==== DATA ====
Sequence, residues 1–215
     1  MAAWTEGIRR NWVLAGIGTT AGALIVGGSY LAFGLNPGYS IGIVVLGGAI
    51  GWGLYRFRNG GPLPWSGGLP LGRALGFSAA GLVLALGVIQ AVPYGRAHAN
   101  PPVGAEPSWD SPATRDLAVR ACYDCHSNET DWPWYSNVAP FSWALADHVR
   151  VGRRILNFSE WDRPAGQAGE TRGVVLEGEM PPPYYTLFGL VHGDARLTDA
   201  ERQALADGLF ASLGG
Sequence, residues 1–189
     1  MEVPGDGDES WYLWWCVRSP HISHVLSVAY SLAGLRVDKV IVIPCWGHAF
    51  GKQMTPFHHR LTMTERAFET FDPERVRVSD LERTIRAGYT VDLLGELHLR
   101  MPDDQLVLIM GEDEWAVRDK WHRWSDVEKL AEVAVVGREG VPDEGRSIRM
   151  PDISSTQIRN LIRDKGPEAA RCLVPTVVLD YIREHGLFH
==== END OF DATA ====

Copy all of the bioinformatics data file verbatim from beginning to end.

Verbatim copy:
Sequence, residues 1–215
     1  MAAWTEGIRR NWVLAGIGTT AGALIVGGSY LAFGLNPGYS IGIVVLGGAI
    51  GWGLYRFRNG GPLPWSGGLP LGRALGFSAA GLVLALGVIQ AVPYGRAHAN
   101  PPVGAEPSWD SPATRDLAVR ACYDCHSNET DWPWYSNVAP FSWALADHVR
   151  VGRRILNFSE WDRPAGQAGE TRGVVLEGEM PPPYYTLFGL VHGDARLTDA
   201  ERQALADGLF ASLGG
Sequence, residues 1–189
     1  MEVPGDGDES WYLWWCVRSP HISHVLSVAY SLAGLRVDKV IVIPCWGHAF
    51  GKQMTPFHHR LTMTERAFET FDPERVRVSD LERTIRAGYT VDLLGELHLR
   101  MPDDQLVLIM GEDEWAVRDK WHRWSDVEKL AEVAVVGREG VPDEGRSIRM
   151  PDISSTQIRN LIRDKGPEAA RCLVPTVVLD YIREHGLFH